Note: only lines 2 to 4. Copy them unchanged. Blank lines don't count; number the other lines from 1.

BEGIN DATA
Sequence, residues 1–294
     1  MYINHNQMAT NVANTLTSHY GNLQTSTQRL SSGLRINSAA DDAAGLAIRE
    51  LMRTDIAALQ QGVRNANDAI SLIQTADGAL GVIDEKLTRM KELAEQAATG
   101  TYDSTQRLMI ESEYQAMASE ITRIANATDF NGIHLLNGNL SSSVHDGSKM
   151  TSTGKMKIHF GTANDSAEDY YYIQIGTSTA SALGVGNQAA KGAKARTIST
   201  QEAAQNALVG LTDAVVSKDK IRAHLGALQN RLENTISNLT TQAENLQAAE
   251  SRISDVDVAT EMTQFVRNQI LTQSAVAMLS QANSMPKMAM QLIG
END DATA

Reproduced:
     1  MYINHNQMAT NVANTLTSHY GNLQTSTQRL SSGLRINSAA DDAAGLAIRE
    51  LMRTDIAALQ QGVRNANDAI SLIQTADGAL GVIDEKLTRM KELAEQAATG
   101  TYDSTQRLMI ESEYQAMASE ITRIANATDF NGIHLLNGNL SSSVHDGSKM